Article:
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NP: September 20, 1864 Richmond Examiner: Hampton’s Dash Upon the Enemy, Sept. 14-17

Editor’s Note: This article was transcribed by Jackie Martin.


We have some particulars of Hampton’s brilliant dash upon the enemy, in which he captured twenty-five hundred head of cattle, three hundred prisoners, many arms and wagons, &c.

At any early hour Wednesday morning [September 14, 1864] General Hampton, with W. H. F. Lee’s division, (Barringer’s and Chambliss’ brigades) and Rosser’s and Dearing’s brigades of cavalry, and Graham’s and McGregor’s batteries of artillery, struck tents and started on his expedition.  On reaching Sycamore church at 11 o’clock Thursday night [September 15, 1864], where the enemy’s forces were known to be encamped, a halt was made and preparations made for the attack at daylight—a rest of some two hours being allowed the men and animals.

All necessary disposition of the troops having been made, General Rosser assaulted the left and General Dearing the right, simultaneously, and with like result [at dawn on September 16, 1864.].  The attack was a surprise to the enemy, and their position was carried with a rush.  The charge of our men at both points is represented to have been faultless.  On the enemy’s right [sic, the Confederate right, the enemy’s left, at Cocke’s Mill] Dearing’s men swept like an avalanche over their works, meeting with a rapid but irregular and momentary fire of musketry, which only served to increase their ardour and enthusiasm.  So sudden and rapid was the assault that the Yankees rushed from their tents EN DISHABILLE, and were enabled to make comparatively but a feeble resistance.  General Dearing took thirty-five prisoners, five or six teams, and the enemy’s camp.  Demoralized and panick stricken, the balance of the enemy fled in great disorder to Sycamore church, where, finding General Rosser in possession of their works, they immediately surrendered.

On their left [sic, the Confederate center, the enemy’s right], at Sycamore church, the enemy was much more strongly fortified.  He held position on a hill with formidable barricades in his front.  General Rosser demanded a surrender, but the Yankee commandant, seemingly conscious of his ability to hold his position, returned a positive refusal, with the additional remark that he intended to fight to the last.  General Rosser determined to give him a chance, and ordered his men to charge.  They obeyed the command with great cheerfulness and gallantry.  They reached the barricades, pulled them to pieces, leaped over and through them and reached the enemy’s work in the face of a heavy fire, which fortunately did little execution.  As soon as General Rosser reached their position, the Yankees scattered in all directions and fled from the place in the most precipitate manner.  It was here that the men who fled before General Dearing, were made to surrender.  General Rosser took about two hundred and fifty prisoners and several valuable teams in addition to the enemy’s camp.  The camps were prolifick  of delicacies and provisions.  Oranges, lemons, cigars, crackers and good things and useful, were found in great profusion, and not a few of them were secured.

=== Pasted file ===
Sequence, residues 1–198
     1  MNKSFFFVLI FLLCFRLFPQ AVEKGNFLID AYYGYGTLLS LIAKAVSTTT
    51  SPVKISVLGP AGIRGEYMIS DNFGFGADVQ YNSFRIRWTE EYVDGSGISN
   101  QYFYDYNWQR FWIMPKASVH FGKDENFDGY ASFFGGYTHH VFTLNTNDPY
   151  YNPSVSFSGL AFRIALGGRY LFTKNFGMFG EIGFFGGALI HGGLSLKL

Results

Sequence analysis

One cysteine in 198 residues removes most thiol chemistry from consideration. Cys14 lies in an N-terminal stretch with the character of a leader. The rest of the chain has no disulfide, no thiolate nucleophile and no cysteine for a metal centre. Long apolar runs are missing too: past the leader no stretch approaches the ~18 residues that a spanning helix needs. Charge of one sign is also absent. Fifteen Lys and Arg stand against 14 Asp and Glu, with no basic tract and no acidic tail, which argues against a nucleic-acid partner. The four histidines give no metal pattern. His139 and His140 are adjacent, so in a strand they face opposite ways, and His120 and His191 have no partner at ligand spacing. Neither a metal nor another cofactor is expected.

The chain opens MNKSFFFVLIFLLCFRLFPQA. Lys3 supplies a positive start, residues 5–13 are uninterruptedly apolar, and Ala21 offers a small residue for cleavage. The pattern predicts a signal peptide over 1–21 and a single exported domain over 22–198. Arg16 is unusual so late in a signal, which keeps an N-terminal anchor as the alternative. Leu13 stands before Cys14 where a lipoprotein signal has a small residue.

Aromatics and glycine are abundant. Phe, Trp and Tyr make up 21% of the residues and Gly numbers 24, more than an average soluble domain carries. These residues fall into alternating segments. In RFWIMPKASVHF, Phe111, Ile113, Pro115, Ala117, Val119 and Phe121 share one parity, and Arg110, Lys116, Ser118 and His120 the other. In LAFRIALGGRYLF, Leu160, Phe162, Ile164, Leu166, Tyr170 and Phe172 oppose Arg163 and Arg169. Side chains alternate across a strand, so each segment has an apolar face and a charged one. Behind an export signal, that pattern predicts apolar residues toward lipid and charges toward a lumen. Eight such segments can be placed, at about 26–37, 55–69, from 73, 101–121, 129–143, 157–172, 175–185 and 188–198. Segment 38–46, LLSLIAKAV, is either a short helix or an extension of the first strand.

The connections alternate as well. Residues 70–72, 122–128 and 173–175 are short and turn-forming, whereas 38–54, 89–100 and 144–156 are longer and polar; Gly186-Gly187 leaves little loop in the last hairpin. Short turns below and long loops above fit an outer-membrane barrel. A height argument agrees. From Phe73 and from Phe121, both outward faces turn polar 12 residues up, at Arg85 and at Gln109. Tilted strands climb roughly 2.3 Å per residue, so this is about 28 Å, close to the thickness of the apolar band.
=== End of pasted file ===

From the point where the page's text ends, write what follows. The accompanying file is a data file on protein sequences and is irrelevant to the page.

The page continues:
The enemy having been completely routed and demoralized it was determined to push ahead at once after the cattle.  Before General Rosser moved off a note, captured in Major Baker’s tent, was brought to him, which read substantially as follows:

I have the honour to report the arrival of 2,486 head of cattle here.  I have this day moved them from Coggin’s Point, as the grazing in this vicinity is the finest in the country.  I only fear it will not hold out long enough.  The cattle are in splendid order.                                                                               J. S. BAKER,

Commanding First D. C. cavalry.

There was no difficulty in securing the cattle.


While General Rosser and Dearing were fighting the enemy, a detachment of General Lee’s command dashed into an encampment of Spear’s troops, capturing some prisoners and horses, and putting the balance to fight.  Spear’s headquarters were at Mount Sinai church, and had time permitted, he would also have been routed or captured.


The object of the expedition being accomplished, our forces started on their return home.—Generals Rosser and Dearing were in the advance of the captures, and General Lee brought up the rear.

General Gregg was drawn up in battle array immediately across Hampton’s road, and it was found necessary to give him battle [at Ebenezer Church].  Rosser and Dearing were ordered to attack at once, which they did in the most determined style, forcing the Yankees back in the direction of Petersburg, one mile and a half.1

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  1. “Hampton’s Dash Upon the Enemy.” Richmond Examiner. September 20, 1864, p. 2 col. 5-6
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